Today’s Decision and the Immaturity of Our Major Institutions

By Raza Habib Raja

The news of regime change are now being supplemented by news of another grave possibility: a repeat of the 3rd November steps to purge the Judiciary. These may be rumours perpetuated by this sensation loving media but unfortunately Pakistan always operates under “Murphy’s law”. Moreover when a rumour is going around, our response often makes it materialize.

And the Judiciary has apparently taken the rumours to be some indication of the brewing scheme in the corridors of powers and met late night to develop a counter strategy and in the morning has given the verdict equating any such revocation of executive orders as violation of Article 6 of the constitution. The court in a truly bizarre and too some extent even comically absurd manner acted  pre-emptively and gave verdict on perceived intent.

 Both the important pillars of the state are busy formulating these childish manoeuvres and counter manoeuvres at the time when the country is spiralling towards virtual self destruction.  Both the parties cannot stand each other and want the other to be out of existence through either a court order or a revocation of an earlier restoration notice.

With the latest and perhaps one of the most rapid delivery of “justice”, the Judiciary has apparently tried to thwart any effort to dislodge its judges. However, in such circumstances and the way the situation is developing, the eventual success in removal of judges won’t actually be decided by “legality” of the method but rather on whether executive can actually have enough control over the organizations having the ability to exercise physical violence. It has to be understood that at present the executive does not have EFFECTIVE control over all such agencies. So after the order by Judiciary has been passed, the move from the executive to actually remove Judges has to be backed by armed forces. For that matter even a court order from Judiciary dismissing president would also require “cooperation” from the armed forces.

Frankly I will oppose both the “changes” with equal ferocity despite the fact that I have equally mixed opinion of the current executive as well as the judiciary. On the negative side one is incompetent and the other is thoroughly regressive in ideological orientation and literally vindictive in a childishly immature manner.

I will oppose such moves for the simple fact alone that it would require army and would invariably end up further entrenching its role in the political affairs. Moreover, both the opposing parties would be the loser in this childish tussle even if one temporarily succeeds in dislodging the other as they would be ceding their authority more and more to army (which already is very powerful). In addition dislodgement of any of these parties would negate whatever gains (though chaotic situation belies these) we have made towards establishment of sustainable democracy.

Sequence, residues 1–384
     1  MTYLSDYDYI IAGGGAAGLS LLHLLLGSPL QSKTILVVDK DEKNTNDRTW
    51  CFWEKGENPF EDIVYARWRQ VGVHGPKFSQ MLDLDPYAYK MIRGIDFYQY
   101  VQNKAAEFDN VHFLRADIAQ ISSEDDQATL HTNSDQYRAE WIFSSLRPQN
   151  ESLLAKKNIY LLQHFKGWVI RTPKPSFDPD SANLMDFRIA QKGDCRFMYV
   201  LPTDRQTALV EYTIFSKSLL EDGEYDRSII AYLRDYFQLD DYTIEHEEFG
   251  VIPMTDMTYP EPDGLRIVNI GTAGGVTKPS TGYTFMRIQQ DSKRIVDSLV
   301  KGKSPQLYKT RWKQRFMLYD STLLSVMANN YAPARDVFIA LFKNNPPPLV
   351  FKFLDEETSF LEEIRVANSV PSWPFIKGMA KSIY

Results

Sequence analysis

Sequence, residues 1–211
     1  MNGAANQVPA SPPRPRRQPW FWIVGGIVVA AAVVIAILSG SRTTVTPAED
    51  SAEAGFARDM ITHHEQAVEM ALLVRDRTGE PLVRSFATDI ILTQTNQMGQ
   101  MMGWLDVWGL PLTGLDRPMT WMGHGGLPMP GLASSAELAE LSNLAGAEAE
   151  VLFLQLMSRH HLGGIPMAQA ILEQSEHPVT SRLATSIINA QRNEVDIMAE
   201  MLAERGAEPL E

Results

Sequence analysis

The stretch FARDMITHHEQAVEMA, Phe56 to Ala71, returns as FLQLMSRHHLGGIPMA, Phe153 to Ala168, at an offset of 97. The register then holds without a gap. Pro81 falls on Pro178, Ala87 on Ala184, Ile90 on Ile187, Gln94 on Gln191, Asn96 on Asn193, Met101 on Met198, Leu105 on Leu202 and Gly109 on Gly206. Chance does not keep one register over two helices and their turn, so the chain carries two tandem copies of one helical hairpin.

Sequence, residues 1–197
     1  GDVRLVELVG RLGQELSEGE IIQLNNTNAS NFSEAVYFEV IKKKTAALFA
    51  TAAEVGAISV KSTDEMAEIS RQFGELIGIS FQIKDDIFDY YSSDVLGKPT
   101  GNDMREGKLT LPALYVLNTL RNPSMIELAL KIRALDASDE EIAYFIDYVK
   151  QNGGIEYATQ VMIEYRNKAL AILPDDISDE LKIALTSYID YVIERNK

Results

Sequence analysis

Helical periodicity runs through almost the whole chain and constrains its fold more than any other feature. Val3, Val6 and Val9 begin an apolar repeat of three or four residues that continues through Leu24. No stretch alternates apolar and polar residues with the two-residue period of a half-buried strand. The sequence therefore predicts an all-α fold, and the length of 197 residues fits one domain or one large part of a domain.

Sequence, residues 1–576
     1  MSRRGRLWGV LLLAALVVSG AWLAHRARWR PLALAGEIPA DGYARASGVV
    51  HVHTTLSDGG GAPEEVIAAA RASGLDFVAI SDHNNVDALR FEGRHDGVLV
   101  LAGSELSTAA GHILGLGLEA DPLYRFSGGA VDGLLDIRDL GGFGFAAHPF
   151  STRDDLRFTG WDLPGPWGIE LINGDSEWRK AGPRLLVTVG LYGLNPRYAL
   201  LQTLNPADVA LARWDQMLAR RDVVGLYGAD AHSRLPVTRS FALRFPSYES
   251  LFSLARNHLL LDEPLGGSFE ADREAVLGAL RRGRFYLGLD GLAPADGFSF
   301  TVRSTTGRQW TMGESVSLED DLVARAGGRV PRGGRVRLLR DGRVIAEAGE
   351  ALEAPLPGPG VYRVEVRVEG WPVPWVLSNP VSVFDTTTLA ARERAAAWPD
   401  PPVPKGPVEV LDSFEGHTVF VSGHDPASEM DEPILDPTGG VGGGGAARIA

Regime change through any means, even constitutional means (after all you can buy or coerce the existing members into passing a no confidence move) will be catastrophic and will seriously undermine the democratic process but even more than that will implant deep seeds of hatred in smaller provinces. Let’s not forget that the President hails from a small province and his selective lynching has already creating rifts and his forcible removal before time will further alienate the province. 

Moreover, PPP is the only electable liberal party and at this time when we are reeling under the forces  of extremism, is frankly the best bet despite its poor governance and incompetence. The ideological orientation of the party combined with its sway over masses gives us a better chance to prevent Pakistan from becoming a strange mix of lawless and theocratic state.

Moreover, for all those who are always dying to vilify Zardari, let’s at least give the “devil” his credit. Zardari led government has tried to reach out to all the ethnicities and has successfully brokered an improved NFC award. Likewise, he has transferred the presidential powers through 18th amendment to the prime minister, a thing virtually unheard of in the past.

Having appreciated these facts, let me also point out that  there are governance and competence issues but these do not warrant a regime change through extreme measures.